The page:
Earning on Ebay #2: How Fees Affect Your Sales
As I continue my "How to Sell on Ebay" set of hubs, it would be good to give you a breakdown of the various fees for selling on Ebay. I want you to know your real profit potential, and see how much you can actually make on Ebay. Now remember, not all of these fees are an upfront cost, some of them are a potential add on in exchange for potentially increased item exposure.
- Listing fees: Just like the name says, these fees occur as a cost for listing an item on Ebay. This money is gone whether an item sells or not, so it can end up being a significant risk/reward if you decide to go all out for an auction. As of right now, your first 50 listings per month are free at least for the basic format. If you are not a high volume seller, then you will come nowhere near this number. However, if you find yourself clearing out multiple corners or even multiple rooms each month, then you will go way over this cap. After that, you pay a set amount based on your starting amount. This can be as little as 10 cents, but it can add up over multiple listings. Additional listing fees can include changing your item location. You may want to list an auction for a sports jersey in sports memorabilia and in general clothing, and that costs extra. If you want to gain maximum exposure on Ebay, you can even be featured on the homepage. Some extra listing fees include adding highlighting or bold print to your listing title. These will help you stand out, and bring attention to your item right out of the gate.
Ebay Fees May Be the Biggest Bidder for Your Money.
2. Pricing fees: When I say Ebay pricing fees, I am talking more about extra services like Buy it Now or reserve pricing options. Both of these can have their benefits. A BIN (Buy it Now) can allow you to move items fast and even get a high price on occasion from impatient buyers. A reserve ensures that you do not end up selling your authentic, concert-worn Elvis apparel for a penny. While these do give you much more control over the final bid, they also cause you to incur some extra fees. Buy it now gives you a higher initial listing fee for the fixed price, and both of these options result in much higher final costs since you pay a higher percentage of the item's ending cost in most cases.
3. Final value fees: These fees are only charged if your item sells. They commonly run about 9% for auctions, but they can be higher or lower depending on which listing options you choose or if you are a top-rated Ebay seller who gets to enjoy a fee discount. These costs can seem minimal if you only sell low priced items, but the percentage is the same for auction style listings. One thing to take notice of, some fixed price final value fees (BIN) actually have a scaled final value system, meaning that you pay a smaller percentage on larger amounts. This is something important to remember if you sell many high priced items.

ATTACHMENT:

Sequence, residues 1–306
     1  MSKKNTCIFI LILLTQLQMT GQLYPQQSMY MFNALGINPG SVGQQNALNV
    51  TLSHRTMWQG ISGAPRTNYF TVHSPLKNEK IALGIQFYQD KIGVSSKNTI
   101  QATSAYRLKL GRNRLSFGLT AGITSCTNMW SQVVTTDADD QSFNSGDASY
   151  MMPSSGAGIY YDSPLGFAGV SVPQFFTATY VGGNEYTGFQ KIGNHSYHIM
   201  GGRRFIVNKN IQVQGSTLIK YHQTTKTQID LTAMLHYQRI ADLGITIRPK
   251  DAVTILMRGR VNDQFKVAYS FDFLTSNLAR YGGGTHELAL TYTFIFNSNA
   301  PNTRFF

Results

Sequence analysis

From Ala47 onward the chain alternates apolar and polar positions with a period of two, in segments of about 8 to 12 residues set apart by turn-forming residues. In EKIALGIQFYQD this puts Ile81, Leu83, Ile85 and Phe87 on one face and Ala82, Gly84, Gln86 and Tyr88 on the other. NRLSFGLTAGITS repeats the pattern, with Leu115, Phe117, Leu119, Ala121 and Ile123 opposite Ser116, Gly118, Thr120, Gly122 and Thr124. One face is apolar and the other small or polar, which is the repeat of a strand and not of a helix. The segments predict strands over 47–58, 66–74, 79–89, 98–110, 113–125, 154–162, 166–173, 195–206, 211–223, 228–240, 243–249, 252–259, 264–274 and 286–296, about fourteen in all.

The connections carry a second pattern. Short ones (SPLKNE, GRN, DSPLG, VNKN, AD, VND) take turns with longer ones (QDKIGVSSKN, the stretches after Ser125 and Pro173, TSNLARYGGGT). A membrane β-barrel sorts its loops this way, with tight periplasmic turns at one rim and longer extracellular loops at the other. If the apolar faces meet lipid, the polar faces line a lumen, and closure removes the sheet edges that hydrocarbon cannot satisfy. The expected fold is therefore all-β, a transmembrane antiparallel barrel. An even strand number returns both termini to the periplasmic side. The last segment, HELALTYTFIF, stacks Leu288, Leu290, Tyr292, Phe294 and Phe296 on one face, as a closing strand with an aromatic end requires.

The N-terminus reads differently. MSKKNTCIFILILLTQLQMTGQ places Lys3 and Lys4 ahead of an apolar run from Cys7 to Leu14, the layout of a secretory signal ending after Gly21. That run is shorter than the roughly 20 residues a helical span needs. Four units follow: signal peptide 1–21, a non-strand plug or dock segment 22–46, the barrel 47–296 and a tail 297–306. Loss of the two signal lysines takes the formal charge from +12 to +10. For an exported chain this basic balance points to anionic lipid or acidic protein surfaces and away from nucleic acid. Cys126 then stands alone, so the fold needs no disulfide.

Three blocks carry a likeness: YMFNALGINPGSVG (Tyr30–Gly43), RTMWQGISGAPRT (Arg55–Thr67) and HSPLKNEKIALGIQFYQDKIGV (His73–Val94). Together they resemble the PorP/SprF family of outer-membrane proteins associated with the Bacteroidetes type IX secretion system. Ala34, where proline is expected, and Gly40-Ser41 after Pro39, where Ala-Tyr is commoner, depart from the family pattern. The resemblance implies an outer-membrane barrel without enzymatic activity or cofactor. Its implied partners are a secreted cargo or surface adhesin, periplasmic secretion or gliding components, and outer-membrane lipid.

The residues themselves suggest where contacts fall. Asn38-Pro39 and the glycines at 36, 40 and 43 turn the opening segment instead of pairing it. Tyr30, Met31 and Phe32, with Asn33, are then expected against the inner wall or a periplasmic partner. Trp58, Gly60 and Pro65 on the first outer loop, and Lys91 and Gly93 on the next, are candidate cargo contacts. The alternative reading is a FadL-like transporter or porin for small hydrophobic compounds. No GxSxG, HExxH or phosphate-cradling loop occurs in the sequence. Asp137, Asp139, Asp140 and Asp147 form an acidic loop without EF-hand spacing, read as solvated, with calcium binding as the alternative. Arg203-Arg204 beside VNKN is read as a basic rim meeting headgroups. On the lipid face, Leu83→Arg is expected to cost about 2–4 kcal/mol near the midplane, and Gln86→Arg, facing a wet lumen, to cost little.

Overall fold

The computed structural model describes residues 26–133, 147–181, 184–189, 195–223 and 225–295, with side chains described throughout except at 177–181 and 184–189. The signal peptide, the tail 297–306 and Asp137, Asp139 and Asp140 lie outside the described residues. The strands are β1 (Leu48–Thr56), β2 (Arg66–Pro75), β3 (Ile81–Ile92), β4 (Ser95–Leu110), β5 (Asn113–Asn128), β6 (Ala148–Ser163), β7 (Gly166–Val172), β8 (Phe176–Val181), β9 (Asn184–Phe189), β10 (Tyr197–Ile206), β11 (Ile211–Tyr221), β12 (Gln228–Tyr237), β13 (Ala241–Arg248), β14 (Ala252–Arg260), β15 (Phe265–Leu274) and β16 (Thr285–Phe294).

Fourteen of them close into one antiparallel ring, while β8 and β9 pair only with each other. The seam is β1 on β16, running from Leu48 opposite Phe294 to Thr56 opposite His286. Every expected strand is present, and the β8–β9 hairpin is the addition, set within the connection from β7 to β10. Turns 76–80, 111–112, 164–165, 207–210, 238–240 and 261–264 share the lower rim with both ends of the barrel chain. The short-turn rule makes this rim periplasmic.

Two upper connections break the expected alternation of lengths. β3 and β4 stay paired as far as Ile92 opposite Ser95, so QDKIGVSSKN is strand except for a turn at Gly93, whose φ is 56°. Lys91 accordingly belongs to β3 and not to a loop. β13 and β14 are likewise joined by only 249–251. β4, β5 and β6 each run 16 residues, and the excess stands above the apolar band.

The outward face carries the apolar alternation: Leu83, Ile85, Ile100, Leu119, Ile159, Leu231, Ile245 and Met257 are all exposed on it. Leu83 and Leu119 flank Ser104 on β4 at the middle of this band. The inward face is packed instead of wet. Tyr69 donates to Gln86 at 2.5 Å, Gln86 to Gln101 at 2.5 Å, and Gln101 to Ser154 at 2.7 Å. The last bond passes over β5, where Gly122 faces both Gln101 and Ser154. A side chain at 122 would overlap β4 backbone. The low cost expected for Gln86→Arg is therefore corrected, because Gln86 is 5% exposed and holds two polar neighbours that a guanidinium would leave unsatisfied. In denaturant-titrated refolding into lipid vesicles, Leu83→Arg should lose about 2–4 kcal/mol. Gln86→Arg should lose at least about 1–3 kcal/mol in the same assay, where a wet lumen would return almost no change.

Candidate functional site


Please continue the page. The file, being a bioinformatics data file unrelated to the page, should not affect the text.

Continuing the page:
Post Office Charges and Ebay Fees go Hand in Hand.
4. Shipping: Although this isn't an "Ebay fee" this is a cost that you will have with pretty much any transaction. This cost can be multi-faceted, so do not immediately think that the ending price is the money that will be in your pocket. You will have to pay for packaging materials, and the shipping cost itself. This can get very expensive very fast, so make sure of two things: Know the difference between shipping rates (First class is not the same as media mail!), and if you do your own packing, make sure all of your information is accurate. You need to make sure you use an accurate scale to avoid having to pay extra postage, and be sure that all of the information is correct so your item goes to the right place. Nothing is worse than having to pay shipping twice, or losing an item completely. Some small fees can also include tracking and signature confirmation, and some other not so mall fees include international shipping and shipping insurance. Finally, this is just my two cents, but the post office can prove to be extremely unreliable at times. Make sure that you package well and know that shipping around the holidays can become very perilous.
5. Paypal fees: Paypal is the little cherry on top of the fee sundae, and it can end up being a real pain when it comes to your bottom line. They are essentially 3% of your selling price (Actually 2.9%, and they can decrease down to 2.2%, but only if the transaction is over 10K). One thing to pay attention to is how Paypal displays your account values. They show the gross amount on your main page, but that is NOT what you actually receive, that is the amount before fees, so make sure you know how much you actually are getting after fees. To do this, you must click into a specific transaction, and see your net transaction amount.
While these charges can end up being one giant headache, there are some perks to paying some of these selling fees. For example, I like having the option of deciding exactly how much I want to sell an item for with BIN. Additionally, I greatly prefer getting my money online through Paypal instead of having to wait for a money order, check, or sweaty dollar bills from a buyer's wallet. Selling online can be fun, but make sure that you know your real profit potential before you dive into creating some listings on Ebay.
The rest of my Ebay series!
- How to Sell on Ebay #1: Ten Reasons I Love & Hate Se...
Find the brightest spots and darkest corners in the world of online selling! This Hub looks at some of the specific pros and cons of the world's largest online marketplace, Ebay.
- How to Sell on Ebay #3: 5 Reasons to Bundle your lis...
Selling on Ebay can be tricky. Sometimes, selling in various groups, or lots, can be one key to becoming a great online seller. Here are some big reasons to give Ebay bundling a try!
- How to Sell On Ebay #4: One Cent Auctions
Come one, come all! I sell all my items for a penny, or do I? Here is the breakdown of penny auctions on Ebay.